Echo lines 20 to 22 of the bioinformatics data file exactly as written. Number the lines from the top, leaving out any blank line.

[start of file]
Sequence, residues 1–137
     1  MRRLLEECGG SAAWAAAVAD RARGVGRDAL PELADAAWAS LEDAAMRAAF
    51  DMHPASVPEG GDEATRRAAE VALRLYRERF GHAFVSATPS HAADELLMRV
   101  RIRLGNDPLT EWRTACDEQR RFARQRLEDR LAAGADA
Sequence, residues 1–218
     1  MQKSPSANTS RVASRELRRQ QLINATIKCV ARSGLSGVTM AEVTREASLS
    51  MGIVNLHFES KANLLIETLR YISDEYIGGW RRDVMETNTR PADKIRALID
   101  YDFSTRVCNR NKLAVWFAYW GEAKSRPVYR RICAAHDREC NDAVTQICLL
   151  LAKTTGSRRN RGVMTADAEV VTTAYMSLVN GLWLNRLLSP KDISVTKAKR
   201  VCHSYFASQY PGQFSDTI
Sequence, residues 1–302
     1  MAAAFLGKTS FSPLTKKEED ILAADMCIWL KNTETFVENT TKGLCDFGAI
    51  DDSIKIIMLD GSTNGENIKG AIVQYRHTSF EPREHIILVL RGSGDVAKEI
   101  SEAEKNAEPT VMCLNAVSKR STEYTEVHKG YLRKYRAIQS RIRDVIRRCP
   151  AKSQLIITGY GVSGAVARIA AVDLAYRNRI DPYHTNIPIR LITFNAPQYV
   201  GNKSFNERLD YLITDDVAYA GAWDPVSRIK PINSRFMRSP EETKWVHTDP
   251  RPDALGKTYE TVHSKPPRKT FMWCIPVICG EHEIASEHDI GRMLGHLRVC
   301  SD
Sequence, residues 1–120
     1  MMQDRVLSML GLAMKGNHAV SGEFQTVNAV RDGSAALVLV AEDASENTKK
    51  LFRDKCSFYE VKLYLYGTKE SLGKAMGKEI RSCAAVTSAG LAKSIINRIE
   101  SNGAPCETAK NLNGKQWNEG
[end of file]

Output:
     1  MMQDRVLSML GLAMKGNHAV SGEFQTVNAV RDGSAALVLV AEDASENTKK
    51  LFRDKCSFYE VKLYLYGTKE SLGKAMGKEI RSCAAVTSAG LAKSIINRIE
   101  SNGAPCETAK NLNGKQWNEG